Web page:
Secular Trends in the Incidence of Cholangiocarcinoma in the USA and the Impact of Misclassification

Document Type

Journal Article

Publication Date



Digestive Diseases and Sciences








Bile duct cancer; Epidemiology; Liver cancer; Misclassification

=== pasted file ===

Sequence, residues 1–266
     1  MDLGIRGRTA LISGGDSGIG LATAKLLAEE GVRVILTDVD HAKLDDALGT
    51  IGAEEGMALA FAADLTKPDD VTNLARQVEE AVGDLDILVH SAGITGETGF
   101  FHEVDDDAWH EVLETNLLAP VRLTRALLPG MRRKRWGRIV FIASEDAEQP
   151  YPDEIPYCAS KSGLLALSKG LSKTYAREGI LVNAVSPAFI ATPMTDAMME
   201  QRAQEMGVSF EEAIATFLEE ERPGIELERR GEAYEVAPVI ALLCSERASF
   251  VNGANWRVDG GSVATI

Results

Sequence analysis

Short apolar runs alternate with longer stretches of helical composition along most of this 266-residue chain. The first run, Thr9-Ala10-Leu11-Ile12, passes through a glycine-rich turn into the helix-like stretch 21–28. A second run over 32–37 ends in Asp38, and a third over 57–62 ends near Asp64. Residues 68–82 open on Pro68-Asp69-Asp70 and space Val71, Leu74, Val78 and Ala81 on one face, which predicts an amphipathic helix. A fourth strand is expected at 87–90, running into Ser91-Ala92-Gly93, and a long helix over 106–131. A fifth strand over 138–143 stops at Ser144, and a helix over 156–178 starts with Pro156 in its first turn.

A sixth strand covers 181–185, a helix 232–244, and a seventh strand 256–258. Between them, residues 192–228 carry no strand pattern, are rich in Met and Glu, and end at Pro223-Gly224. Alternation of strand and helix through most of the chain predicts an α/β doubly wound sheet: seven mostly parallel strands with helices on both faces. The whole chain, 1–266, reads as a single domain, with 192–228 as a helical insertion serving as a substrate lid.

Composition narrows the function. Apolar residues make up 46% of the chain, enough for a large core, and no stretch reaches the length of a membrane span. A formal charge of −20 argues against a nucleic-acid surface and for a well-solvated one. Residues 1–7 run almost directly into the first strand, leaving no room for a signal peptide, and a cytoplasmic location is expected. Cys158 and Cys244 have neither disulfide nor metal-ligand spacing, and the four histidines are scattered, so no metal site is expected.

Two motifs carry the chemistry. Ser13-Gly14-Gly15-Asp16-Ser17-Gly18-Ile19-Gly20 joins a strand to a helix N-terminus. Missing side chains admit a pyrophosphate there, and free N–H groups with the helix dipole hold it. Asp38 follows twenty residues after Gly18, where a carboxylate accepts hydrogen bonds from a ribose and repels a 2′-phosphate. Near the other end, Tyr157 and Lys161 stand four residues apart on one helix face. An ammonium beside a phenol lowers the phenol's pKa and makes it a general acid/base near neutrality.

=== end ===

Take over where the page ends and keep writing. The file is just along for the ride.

© 2014, Springer Science+Business Media New York (Outside the USA). Background and Aims: It has been reported that the incidence of intrahepatic cholangiocarcinoma (ICC) has increased in the USA, while extrahepatic cholangiocarcinoma (ECC) has decreased or remained stable. However, neither the recent trends nor the effects of the misclassification of Klatskin tumors are known.Methods: Using the Surveillance, Epidemiology, and End Results program databases, we calculated the average annual age-adjusted incidence rates (AA-IRs) of ICC and ECC in 4-year time periods (1992–1995, 1996–1999, 2000–2003, 2004–2007). These AA-IRs were calculated with misclassified as well as correctly classified Klatskin tumors. AA-IRs were also calculated based on age, sex, and race. Multivariable Poisson regression models were used to evaluate the secular trends of ICC and ECC.Results: The AA-IR of ICC was 0.92 in 1992–1995 and 0.93 in 2004–2007, while the AA-IR of ECC increased from 0.70 in 1992–1995 to 0.95 in 2004–2007. There was no significant trend in AA-IR of ICC (p = 0.07), while there was a significant increase in ECC across the 4-year time periods (p < 0.001). Klatskin tumors comprised 6.7 % of CCs with approximately 90 and 45 % misclassified as ICC during 1992–2000 and 2001–2007, respectively. Adjusted Poisson models showed no significant differences in the temporal trend of ICC or ECC due to misclassification of Klatskin tumors.Conclusions: The incidence of ICC has remained stable between 1992 and 2007 with only slight fluctuations, while the incidence of ECC has been increasing. Misclassification of Klatskin tumors does not appear to play a significant role in the trends of CCs.

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